Thirdly, Sudan and Libya share some economic ties, particularly in trade and investment. The UN estimated that a peaceful transition and reconstruction in Libya could potentially enhance Sudan’s economic performance by more than $20 billion over four years beginning in 2021. However, continued turmoil and escalating violence in Sudan may dampen these economic prospects due to heightened concerns about security and political and economic management. A conflict in Sudan will further disrupt these economic links, affecting both countries’ economies and exacerbating existing hardships.
In addition, a destabilized Sudan could have broader implications for the regional stability of North Africa, as it may hinder regional cooperation efforts and undermine the international community’s attempts to restore peace and order in Libya. For instance, the African Union and the Arab League have been key players in the mediation efforts in Libya. Still, a crisis in Sudan could divert their focus and resources away from the situation. Egypt is also active inside Libya and will likely move to exert some influence over the developing situation in Sudan to safeguard its regional strategic interests now under threat, especially the dispute with Ethiopia over the Grand Ethiopian Renaissance Dam, or GERD.
Egypt’s policy toward Sudan has always focused on aligning with Gen. Abdel Fattah Al-Burhan due to their shared approach to the GERD issue. However, an all-out conflict will undermine Egypt’s efforts to create a united front with Sudan, emboldening Addis Ababa to continue taking unilateral action despite Egypt’s repeated warnings. Prolonged conflict in Sudan also raises the risk of GERD talks collapsing and the likelihood of Egypt becoming more militarily aggressive in the region, possibly directed at Ethiopia, or reasserting itself on its borders, including in Libya.
Sudan’s crisis was never going to be a localized affair likely to wax and wane between brief skirmishes, ceasefires, protracted talks and vague settlements within its borders. Its spillovers will complicate diplomatic efforts to resolve Libya’s political impasse while putting pressure on neighboring countries. Thus, as regional and international actors become increasingly preoccupied with managing the catastrophic fallout from Sudan’s turmoil, they may be less able or willing to focus on Libya’s challenges, which still need sustained external support. Furthermore, divergent or combative responses to Sudan’s crisis by members of the global community will worsen divisions among key stakeholders, making it more difficult to build consensus around a common strategy for resolving Libya’s political deadlock. The fragmentation of the international community’s approach has been a critical obstacle in the Libyan peace process, and the crisis in Sudan could further exacerbate this.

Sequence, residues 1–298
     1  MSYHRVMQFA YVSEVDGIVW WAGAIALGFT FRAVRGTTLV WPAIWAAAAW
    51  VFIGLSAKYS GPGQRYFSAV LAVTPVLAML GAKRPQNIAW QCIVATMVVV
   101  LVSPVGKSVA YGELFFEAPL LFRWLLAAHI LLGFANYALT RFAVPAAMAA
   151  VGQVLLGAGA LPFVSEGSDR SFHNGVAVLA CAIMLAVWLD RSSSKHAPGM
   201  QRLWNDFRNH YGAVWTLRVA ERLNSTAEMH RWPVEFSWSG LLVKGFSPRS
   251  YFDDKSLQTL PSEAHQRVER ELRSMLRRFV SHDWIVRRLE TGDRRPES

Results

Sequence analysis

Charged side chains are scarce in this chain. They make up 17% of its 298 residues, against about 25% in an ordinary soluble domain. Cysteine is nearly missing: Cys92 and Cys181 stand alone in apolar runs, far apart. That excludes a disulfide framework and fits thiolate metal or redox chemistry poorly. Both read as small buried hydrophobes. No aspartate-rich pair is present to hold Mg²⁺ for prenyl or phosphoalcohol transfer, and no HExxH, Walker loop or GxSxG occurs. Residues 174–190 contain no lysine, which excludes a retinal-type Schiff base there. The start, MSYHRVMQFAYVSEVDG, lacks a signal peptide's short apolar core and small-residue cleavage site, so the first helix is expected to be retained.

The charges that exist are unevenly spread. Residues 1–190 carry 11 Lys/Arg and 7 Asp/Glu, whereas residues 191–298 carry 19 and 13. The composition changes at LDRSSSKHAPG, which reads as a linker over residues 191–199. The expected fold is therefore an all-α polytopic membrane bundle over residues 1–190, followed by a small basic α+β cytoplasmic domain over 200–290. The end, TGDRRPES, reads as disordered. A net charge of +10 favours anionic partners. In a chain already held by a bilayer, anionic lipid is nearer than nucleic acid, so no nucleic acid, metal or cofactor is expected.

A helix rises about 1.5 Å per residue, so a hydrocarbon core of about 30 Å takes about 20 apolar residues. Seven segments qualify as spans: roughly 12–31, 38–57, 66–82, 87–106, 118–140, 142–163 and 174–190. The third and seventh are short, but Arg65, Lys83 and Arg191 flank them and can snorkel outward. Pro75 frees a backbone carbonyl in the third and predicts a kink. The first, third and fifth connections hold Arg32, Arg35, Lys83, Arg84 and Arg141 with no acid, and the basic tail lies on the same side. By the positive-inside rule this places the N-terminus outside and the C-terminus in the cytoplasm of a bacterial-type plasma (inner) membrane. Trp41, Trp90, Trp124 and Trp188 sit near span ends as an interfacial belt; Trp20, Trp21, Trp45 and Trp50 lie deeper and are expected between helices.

In conclusion, the crisis in Sudan poses a significant risk to Libya’s efforts to overcome its political crisis. The spillover effects, such as cross-border migration, arms trafficking, economic interdependence and shifting international relations, could further destabilize Libya and undermine attempts to establish a unified government. As such, it is crucial to highlight the potential consequences of Sudan’s crisis on Libya’s political landscape in order to develop effective strategies for promoting stability in both countries as well as in the wider region. Failing to do so could result in a protracted conflict that will not only affect the two countries but also have far-reaching consequences for the stability and security of North Africa as a whole.
Hafed Al-Ghwell is a senior fellow and executive director of the Ibn Khaldun Strategic Initiative at the Foreign Policy Institute of the Johns Hopkins University School of Advanced International Studies in Washington, DC, and the former adviser to the dean of the board of executive directors of the World Bank Group. Twitter: @HafedAlGhwell. This article originally appeared in ArabNews.